Speaking generally, not specifically about state police, Taser International spokesman Steve Tuttle said the key to an agency using Tasers well was “a good policy and good training together.”

Sadler wrote that certified troopers can use Tasers because of one line in the 10-page state police use-of-force policy, which allows the “use of electronic control devices.”

A 2005 U.S. Government Accountability Office review of Taser use in seven law-enforcement agencies, however, showed that all seven had extensive Taser-specific policies. Each agency reported that its policy covered daily visual inspections of the weapons, storage procedures, guidelines describing appropriate circumstances for using a Taser, weekly or daily testing and a prohibition on using Taser barbs to shock anyone in the neck or face. Shocking children and pregnant women was also forbidden, according to the review.

Some policies also mandated downloading and storing data from each of its Tasers, including how many five-second cycles an officer used on a suspect. In the three instances in which an Arkansas State Police trooper used a Taser, Sadler wrote, the agency kept no data.


The weapon’s name is an acronym. It stands for “Thomas A. Swift Electric Rifle,” a reference to the main character in a series of adventure novels.

Tuttle said the company has sold Tasers to 12,500 law-enforcement agencies in 44 countries. In Arkansas, he said, 193 agencies use or are testing Tasers.

He estimated that the average time an agency would take to decide whether to use Tasers was six months.

“I’ve seen other instances where that time can be years,” Tuttle said. “It’s not something you can predict.”

Across the nation, the Taser has brought controversy almost since its first introduction in 1993. Only one state — New Jersey — prohibits law-enforcement agencies from using the device.

Taser International and some law-enforcement agencies swear fiercely by the weapon’s safety and practicality.

Fayetteville police have carried Tasers since September 2004. Of the city’s 119 sworn officers, only six lack Taser certification, Sgt. Matt Partain, the department’s training supervisor, said.

“I’ll have those six done at the first of next month,” he said.

Partain said the weapon was better at subduing suspects than pepper spray and likely prevented a few dozen injuries.

“When used properly,” he said, “this is probably the most effective tool for law-enforcement that has ever come along.”

But medical examiners and forensic pathologists in various states have cited the weapon as a contributing factor in some deaths after confrontations with police, usually in cases where the suspect was unarmed, physically restrained and high on a stimulant such as cocaine. And human-rights groups believe the Taser’s billing as a “less-than-lethal” weapon is misleading.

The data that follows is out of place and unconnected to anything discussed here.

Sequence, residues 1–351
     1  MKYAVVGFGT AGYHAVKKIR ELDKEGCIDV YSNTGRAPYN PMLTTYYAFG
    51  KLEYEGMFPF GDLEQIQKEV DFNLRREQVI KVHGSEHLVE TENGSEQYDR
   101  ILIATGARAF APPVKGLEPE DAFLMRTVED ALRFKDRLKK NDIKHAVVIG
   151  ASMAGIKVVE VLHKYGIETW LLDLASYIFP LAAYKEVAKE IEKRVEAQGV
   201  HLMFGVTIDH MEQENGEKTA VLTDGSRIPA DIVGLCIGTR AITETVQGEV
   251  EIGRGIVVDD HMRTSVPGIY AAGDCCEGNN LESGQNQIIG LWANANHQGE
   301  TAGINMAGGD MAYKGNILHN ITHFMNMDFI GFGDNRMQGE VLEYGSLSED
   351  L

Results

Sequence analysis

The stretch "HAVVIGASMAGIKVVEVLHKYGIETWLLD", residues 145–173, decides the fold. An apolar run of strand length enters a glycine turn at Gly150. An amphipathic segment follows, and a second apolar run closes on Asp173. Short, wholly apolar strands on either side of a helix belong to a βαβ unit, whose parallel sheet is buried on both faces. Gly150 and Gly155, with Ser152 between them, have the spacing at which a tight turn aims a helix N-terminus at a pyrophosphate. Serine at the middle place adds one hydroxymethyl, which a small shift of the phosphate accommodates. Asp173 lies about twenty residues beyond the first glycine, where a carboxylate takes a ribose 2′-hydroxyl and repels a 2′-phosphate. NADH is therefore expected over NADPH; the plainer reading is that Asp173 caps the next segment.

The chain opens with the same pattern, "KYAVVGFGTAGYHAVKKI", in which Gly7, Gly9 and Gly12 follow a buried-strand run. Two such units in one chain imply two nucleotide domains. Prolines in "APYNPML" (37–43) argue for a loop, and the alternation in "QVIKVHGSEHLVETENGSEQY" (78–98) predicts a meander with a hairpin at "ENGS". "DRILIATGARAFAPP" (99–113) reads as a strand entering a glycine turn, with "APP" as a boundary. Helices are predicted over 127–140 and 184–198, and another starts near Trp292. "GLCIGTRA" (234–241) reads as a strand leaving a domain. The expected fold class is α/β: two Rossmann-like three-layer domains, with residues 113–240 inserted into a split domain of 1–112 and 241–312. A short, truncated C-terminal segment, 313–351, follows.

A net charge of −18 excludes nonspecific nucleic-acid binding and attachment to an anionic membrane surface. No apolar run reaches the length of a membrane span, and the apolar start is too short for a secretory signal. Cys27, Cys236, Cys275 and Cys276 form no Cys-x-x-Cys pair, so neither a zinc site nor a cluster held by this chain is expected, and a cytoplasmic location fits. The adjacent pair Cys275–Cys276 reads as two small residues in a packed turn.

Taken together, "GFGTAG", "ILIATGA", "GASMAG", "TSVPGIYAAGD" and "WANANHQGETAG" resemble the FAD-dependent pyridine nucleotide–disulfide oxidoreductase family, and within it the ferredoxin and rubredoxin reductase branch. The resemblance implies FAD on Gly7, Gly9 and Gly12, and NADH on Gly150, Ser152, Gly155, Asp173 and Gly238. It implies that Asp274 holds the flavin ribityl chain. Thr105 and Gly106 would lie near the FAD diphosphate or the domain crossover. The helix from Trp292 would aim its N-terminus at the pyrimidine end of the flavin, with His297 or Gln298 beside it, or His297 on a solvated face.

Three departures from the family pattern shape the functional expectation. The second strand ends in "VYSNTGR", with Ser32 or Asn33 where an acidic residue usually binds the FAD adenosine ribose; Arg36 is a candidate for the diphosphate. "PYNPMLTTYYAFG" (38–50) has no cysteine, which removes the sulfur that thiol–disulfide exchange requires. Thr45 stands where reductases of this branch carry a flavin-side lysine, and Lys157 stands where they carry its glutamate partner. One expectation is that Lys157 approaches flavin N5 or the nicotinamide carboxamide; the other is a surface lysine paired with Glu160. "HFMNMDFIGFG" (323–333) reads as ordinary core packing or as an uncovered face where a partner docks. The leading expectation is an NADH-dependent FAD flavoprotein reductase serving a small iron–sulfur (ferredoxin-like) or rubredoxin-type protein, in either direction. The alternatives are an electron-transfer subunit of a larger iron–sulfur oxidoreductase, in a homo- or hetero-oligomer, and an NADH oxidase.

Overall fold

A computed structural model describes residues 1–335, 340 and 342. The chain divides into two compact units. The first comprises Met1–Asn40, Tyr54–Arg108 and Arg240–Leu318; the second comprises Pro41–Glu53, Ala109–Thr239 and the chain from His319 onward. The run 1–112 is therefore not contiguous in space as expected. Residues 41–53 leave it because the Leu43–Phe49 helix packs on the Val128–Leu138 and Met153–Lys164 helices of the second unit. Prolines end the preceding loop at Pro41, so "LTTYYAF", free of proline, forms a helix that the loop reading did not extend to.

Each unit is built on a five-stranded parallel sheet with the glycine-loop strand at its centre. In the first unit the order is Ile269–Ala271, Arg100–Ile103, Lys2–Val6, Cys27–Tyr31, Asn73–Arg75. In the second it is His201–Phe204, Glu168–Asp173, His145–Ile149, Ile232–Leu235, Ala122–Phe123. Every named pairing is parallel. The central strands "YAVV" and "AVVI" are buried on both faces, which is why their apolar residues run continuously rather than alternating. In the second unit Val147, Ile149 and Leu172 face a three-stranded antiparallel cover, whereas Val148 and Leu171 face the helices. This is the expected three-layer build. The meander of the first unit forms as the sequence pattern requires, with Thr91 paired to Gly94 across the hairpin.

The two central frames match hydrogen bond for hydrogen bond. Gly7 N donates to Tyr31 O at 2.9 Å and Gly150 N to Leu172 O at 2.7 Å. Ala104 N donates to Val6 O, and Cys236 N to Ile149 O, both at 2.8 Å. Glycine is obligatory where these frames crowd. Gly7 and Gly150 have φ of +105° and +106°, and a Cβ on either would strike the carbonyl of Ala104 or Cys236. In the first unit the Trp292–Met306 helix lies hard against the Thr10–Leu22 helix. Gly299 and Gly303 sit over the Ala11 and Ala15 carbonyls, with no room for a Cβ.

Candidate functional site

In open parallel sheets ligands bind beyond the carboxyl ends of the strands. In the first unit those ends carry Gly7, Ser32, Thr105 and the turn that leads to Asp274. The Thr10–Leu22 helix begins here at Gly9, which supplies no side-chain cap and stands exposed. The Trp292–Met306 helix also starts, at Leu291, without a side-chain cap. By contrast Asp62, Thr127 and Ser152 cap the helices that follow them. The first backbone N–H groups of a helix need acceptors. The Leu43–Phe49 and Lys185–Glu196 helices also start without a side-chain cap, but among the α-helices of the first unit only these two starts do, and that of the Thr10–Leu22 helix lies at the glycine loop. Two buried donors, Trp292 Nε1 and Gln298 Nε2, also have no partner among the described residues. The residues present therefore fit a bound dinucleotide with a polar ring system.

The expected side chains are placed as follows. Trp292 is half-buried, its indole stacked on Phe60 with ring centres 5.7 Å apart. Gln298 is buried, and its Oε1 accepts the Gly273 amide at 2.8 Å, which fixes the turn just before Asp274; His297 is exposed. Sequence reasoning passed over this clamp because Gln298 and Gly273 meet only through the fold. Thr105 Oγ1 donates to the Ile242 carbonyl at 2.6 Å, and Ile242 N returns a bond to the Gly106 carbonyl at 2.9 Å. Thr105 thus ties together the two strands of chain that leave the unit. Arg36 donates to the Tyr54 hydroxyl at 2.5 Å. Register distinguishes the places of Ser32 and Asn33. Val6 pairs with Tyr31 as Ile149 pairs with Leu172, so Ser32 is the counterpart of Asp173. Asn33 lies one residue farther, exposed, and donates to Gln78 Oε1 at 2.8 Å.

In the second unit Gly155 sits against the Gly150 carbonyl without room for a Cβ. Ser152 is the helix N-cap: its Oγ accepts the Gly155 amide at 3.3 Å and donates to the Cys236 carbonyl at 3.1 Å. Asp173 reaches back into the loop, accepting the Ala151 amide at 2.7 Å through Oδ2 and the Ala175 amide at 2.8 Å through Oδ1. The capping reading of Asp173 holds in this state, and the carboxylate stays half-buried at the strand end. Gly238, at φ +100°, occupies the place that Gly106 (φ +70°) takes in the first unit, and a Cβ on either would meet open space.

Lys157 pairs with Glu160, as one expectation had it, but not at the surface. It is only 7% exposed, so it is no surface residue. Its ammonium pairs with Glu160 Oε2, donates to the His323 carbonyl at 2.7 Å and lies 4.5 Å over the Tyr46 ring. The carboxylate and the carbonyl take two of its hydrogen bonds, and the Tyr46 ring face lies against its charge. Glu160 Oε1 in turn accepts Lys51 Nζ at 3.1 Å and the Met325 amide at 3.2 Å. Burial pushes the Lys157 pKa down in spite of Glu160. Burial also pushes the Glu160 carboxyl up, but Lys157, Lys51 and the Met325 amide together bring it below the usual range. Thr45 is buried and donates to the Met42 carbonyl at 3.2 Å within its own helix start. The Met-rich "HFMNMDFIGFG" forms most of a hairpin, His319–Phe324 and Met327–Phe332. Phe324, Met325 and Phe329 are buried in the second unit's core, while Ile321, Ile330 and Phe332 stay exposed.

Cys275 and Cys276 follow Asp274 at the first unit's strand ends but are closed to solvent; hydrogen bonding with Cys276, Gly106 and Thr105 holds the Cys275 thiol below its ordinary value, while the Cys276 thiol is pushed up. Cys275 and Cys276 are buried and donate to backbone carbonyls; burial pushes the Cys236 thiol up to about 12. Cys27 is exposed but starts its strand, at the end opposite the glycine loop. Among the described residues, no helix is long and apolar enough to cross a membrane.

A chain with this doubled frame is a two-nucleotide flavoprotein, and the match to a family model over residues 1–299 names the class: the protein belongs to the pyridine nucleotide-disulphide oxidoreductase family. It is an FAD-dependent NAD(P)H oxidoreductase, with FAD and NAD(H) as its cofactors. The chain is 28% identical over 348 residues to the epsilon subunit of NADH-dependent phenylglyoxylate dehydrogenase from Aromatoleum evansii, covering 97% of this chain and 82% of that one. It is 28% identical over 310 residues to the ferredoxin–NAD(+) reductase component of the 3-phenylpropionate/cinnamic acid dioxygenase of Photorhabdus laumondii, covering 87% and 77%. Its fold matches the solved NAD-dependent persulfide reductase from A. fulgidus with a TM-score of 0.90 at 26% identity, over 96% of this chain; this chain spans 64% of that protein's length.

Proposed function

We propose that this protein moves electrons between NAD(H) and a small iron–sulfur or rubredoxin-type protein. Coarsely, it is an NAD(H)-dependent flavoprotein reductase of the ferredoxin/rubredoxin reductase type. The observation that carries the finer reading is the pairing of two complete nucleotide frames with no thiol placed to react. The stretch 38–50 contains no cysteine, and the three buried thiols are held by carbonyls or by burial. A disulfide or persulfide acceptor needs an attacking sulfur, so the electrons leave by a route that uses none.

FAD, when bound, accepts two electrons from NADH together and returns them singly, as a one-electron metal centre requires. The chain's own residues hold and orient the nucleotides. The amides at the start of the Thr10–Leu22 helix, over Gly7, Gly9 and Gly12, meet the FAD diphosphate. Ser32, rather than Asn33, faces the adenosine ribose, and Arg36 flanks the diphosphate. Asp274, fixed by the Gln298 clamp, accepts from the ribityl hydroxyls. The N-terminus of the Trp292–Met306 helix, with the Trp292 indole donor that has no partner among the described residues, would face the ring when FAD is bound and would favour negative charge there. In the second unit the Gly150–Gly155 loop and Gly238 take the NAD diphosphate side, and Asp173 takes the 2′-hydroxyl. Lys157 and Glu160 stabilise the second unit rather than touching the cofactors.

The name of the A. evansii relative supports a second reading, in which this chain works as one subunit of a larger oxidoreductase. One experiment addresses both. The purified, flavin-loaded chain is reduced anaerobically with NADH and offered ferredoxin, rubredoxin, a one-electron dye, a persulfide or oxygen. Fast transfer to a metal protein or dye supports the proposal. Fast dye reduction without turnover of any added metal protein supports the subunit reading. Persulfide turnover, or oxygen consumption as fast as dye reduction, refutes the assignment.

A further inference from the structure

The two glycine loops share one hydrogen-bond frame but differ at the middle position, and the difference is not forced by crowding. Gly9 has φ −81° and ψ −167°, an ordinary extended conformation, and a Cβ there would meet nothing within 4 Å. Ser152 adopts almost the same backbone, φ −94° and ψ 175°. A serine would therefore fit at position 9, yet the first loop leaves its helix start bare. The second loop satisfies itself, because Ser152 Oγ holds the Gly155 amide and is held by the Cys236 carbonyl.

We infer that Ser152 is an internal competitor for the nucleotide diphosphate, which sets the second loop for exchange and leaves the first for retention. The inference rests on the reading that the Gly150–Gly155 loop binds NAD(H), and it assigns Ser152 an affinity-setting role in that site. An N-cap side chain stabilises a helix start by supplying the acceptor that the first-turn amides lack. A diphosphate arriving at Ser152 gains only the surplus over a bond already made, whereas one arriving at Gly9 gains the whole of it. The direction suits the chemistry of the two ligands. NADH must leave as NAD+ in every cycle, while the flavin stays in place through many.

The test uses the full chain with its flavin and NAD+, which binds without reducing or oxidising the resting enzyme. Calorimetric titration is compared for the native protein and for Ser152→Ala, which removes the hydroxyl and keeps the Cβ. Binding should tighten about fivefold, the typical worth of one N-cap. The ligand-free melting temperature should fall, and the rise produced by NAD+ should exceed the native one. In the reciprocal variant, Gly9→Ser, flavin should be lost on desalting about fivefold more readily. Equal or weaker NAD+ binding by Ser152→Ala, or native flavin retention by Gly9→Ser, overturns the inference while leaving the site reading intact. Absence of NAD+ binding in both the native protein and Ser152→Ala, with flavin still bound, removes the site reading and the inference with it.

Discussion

In a 2006 report outlining concerns about police Taser use, the nonprofit human-rights organization Amnesty International identified 85 deaths that occurred nationwide after a law-enforcement officer shocked a suspect with a Taser between November 2004 and February 2006. None was in Arkansas, though all the state’s neighbors but one — Mississippi — recorded at least one such death.

While not claiming that the Taser itself caused any of the deaths, Amnesty International applauded the announcement in 2006 of a two-year study by the Justice Department’s National Institute of Justice into Taser use and in-custody deaths. The institute’s findings are expected sometime this year.


The last two times an Arkansas State Police trooper used a Taser in the line of duty came less than a month apart last October.

In the first, records show, first-year Trooper Eric Lee joined in the pursuit of a man driving fast away from Russellville police a little after noon on Oct. 3. A Pope County sheriff’s deputy and at least two state troopers joined the pursuit at the city limits, heading east on Interstate 40, records show.

The man got off I-40 at mile marker 101, records show, then later headed south on Arkansas 113. A Conway County deputy blocked the suspect’s car with his own and brought it to a stop.

“The suspect then pulled out a small pocket knife and threatened to kill himself repeatedly,” Trooper Chris Goodman wrote in a report. “He then threatened to kill himself by starting fire to the car with his lighter.”

The Conway County deputy gave Lee his Taser, a state police corporal broke out the suspect’s driver’s-side window and Lee shocked the 33-year-old man before arresting him.

Four weeks later, outside the Choctaw post office in Van Buren County, a 30-year-old man sat in his car with his ex-wife, 4-year-old daughter and a knife.

Officials with four different agencies tried for 15 hours to get the man to give up the knife.

Shortly before 6:30 p.m., Sgt. Steven Davis, a 19-year state police veteran and SWAT unit member, crouched down below the window on the truck’s passenger side, he wrote in a memo. A state police negotiator on the driver’s side mouthed silently that he was about to go for the knife, Davis wrote.

The negotiator jumped in the truck, grabbing the suspect’s arm, Davis wrote in a memo. Davis followed, he wrote, reaching behind the woman and the girl to jam his Taser directly into the suspect’s neck.

“The female and child, who were not injured, were taken to safety,” Davis wrote. “The subject was taken into custody without further incident.”